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Round 1: Ravens Select S Matt Elam With First Pick

Posted Apr 25, 2013

The Florida safety could immediately step into a starting role after Reed and Pollard departed.

General Manager Ozzie Newsome has watched a lot of college tape in his day.

But when Newsome flipped on the tape of Florida’s Matt Elam, he was taken aback.

The strong safety flies around the field with high energy, delivering highlight-reel hits while still wrapping up on tackles. He plays like a Raven.

“I’ve never been so excited; it was fun watching him play,” Newsome said.

“It’s been a long time since I’ve watched a player on tape and play after play you just go, ‘Wow, oh wow.’ The way he played on tape is the way you have to play in the AFC North.”

The Ravens had their choice between Notre Dame inside linebacker Manti Te’o or Elam with the final pick of the first round in the 2013 NFL Draft, two players at position of need. They went with Elam, the highest-rated player on their board at the time.

Baltimore had lined up Elam from the start. Newsome said that if he, Assistant General Manager Eric DeCosta, Head Coach John Harbaugh and Director of College Scouting Joe Hortiz would have been asked at the beginning of the day who would like at No. 32, they all would have said Elam.

“I think the thing we all like about Matt is his speed, he’s one of the better tacklers that we’ve seen play the position,” Newsome said. “The other thing that we look to, he enjoys practicing and he enjoys the game of football. Matt Elam was our guy.”

The Ravens lost both of their starting safeties this offseason in Ed Reed and Bernard Pollard. Reed was once known for his huge hits, a crown taken over by Pollard the past couple years.

Now Elam will likely be the enforcer in the back end.

His speed and tackling ability make him an immediate and strong special teams weapon. Elam will have a strong opportunity to step into the spot vacated by Pollard at strong safety.

If Elam becomes a starter, he and free-agent aquisition Michael Huff would likely combine to form the Ravens' new starting safety duo.

“He definitely has a chance to do that,” Harbaugh said. “He’ll have to earn it. We have one veteran safety in there and some young guys that will be competing for it as well. But we always play the best guy, and that’s the guy that’s playing the best. Matt Elam will be right in the middle of that fight.”

Elam was Florida’s starter at strong safety the past two years. In 2011, he led the team in tackles for loss (11), pass breakups (seven) and forced fumbles (two). In 2012, he logged 76 tackles, once again making 11 of them for a loss. He added two sacks, one forced fumble, and four interceptions.

“This guy, quite honestly, just about every chance he had to get a guy down, he did,” DeCosta said. “He can cover very well. He’s played high, he’s played low. He has ball skills.”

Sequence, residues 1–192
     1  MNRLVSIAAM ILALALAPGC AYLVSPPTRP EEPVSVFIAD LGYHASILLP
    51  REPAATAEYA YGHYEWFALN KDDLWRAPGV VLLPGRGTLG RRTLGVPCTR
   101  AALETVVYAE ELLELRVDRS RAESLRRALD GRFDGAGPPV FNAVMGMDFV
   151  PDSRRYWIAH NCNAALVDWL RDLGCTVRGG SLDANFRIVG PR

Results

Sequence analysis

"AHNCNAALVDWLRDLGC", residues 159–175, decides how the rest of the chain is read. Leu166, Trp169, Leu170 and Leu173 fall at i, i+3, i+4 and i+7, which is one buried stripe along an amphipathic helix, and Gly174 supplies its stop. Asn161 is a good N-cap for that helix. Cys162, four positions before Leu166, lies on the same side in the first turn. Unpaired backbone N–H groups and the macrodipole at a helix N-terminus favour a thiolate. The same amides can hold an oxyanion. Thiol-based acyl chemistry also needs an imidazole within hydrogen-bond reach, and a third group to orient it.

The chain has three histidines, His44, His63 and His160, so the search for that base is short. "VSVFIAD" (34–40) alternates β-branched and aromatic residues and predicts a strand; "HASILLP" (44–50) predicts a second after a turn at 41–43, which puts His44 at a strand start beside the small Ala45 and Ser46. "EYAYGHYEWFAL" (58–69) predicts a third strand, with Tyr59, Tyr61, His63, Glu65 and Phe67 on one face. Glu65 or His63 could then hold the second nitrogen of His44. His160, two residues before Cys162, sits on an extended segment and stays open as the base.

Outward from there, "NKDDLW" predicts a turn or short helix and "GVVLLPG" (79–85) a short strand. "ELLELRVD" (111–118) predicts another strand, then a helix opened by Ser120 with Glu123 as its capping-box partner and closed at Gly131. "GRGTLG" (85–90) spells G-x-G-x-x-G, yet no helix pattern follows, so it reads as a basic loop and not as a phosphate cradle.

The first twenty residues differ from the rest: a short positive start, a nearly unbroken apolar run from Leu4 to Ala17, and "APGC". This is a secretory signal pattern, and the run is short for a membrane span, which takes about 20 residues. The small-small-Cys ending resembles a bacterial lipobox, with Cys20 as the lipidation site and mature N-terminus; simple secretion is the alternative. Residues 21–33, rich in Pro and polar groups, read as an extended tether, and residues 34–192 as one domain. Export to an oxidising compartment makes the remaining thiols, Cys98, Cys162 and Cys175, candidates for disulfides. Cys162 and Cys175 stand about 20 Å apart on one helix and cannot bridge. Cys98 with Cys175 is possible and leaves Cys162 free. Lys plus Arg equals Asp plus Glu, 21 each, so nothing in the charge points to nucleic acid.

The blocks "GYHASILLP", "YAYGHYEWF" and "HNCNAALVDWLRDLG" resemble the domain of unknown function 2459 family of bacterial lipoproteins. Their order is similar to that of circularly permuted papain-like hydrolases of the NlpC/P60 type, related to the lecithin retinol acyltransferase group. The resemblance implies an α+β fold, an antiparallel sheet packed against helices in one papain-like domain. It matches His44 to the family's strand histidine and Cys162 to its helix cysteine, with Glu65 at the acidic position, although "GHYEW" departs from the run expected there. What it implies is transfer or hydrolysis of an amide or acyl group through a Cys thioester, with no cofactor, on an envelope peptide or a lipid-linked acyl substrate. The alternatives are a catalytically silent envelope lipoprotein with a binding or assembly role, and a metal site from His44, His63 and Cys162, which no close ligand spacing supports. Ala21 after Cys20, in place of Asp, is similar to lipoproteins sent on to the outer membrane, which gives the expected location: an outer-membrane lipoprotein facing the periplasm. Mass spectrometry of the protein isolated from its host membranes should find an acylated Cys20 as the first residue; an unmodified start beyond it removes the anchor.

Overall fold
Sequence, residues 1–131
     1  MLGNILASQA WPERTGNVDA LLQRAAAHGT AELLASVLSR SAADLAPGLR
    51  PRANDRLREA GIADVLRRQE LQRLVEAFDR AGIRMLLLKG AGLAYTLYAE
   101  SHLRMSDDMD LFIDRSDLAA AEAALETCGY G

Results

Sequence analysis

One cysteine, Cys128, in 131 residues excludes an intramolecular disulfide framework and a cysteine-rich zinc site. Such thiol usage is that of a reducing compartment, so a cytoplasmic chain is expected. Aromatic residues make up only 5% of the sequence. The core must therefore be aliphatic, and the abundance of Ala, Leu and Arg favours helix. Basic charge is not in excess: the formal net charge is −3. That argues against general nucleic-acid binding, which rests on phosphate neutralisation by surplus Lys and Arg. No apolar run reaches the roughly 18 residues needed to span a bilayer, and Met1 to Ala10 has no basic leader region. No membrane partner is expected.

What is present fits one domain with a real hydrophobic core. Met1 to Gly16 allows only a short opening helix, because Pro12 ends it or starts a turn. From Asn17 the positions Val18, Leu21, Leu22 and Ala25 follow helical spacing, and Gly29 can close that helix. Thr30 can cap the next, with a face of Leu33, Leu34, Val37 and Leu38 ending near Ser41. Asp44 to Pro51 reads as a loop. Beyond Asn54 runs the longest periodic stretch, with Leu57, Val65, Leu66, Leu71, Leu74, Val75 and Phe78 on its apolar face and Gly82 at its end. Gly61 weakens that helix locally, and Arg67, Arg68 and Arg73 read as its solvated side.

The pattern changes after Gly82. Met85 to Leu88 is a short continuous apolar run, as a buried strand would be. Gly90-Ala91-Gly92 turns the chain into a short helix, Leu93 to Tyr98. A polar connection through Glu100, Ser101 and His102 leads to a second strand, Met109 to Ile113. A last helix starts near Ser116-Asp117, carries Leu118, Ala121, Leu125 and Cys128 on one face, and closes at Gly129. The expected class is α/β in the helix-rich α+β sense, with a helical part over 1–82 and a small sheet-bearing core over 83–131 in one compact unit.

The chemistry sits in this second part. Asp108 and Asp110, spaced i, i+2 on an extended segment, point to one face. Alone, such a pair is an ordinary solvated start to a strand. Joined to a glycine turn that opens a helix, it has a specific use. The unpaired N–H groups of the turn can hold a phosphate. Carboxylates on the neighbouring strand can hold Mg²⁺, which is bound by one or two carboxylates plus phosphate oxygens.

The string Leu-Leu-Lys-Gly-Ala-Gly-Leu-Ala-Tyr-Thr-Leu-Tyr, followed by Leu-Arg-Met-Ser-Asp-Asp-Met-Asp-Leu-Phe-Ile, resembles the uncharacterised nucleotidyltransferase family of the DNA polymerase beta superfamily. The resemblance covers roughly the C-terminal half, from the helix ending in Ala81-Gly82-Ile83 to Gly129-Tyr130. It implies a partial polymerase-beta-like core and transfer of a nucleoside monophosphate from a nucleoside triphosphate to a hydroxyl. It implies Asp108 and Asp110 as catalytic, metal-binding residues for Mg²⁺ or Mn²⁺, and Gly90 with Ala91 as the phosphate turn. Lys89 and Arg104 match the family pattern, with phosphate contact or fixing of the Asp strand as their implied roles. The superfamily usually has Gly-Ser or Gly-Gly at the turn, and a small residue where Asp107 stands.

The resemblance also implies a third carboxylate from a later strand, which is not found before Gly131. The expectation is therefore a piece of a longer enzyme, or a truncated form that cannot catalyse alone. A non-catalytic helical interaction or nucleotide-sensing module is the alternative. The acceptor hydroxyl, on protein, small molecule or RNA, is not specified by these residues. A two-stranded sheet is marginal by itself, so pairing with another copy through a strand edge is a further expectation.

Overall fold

Still, Elam was drafted behind two other safeties: Texas’ Kenny Vaccaro (No. 14, New Orleans) and LSU’s Eric Reid (No. 18, San Francisco). Elam said that has put a chip on his shoulder because he feels he is the best safety in the draft.

The criticism of Elam, and perhaps the reason he was available at the end of the first round, is his size. He stands in at just 5-foot-10, three inches shorter than Pollard. Elam’s 208-pound frame is quite muscular, however.

“I just feel like my size won’t matter because when you turn on the film I’m a great competitor, I’m flying around, I’m hitting guys bigger than me. Size doesn’t matter,” Elam said. “I’m going to make receivers be scared when they come my way the next time. That’s in my job description.”

Elam, who has gone through family tragedy as a sister and brother were once murdered, comes to Baltimore already with plenty of ties. Defensive Backs Coach Teryl Austin coached Elam at Florida in 2010. Austin was the defensive coordinator at the time.

Ravens Defensive Coordinator Dean Pees coached his older brother, Abe Elam formerly of the Kansas City Chiefs, when he was in college at Kent State. Special Teams Coordinator Jerry Rosburg recruited Abe to Notre Dame.

Elam said his brother’s seven years in the NFL has already helped him understand what it takes to be a professional, and his ties will make his transition smoother.

“I’m going to come in here and try to do everything I can to win championships,” said Elam, who didn’t think he was going to go to the Ravens because other teams, including Cincinnati and Carolina, showed him more pre-draft attention. The Ravens didn’t host Elam for a visit, choosing to only interview him at the combine.

While the Ravens coveted Elam, Newsome said he made some calls to potentially trade up in the draft as certain players he liked slid. He said there were not any calls to move back out of the first round.

There was a prevalent thought that the Ravens would take Te’o, another projected first-round pick at a position of need, when he was still on the board at pick No. 32. Newsome was asked why he didn’t take Te’o.

“Matt was the higher-rated player between those two guys,” he said.

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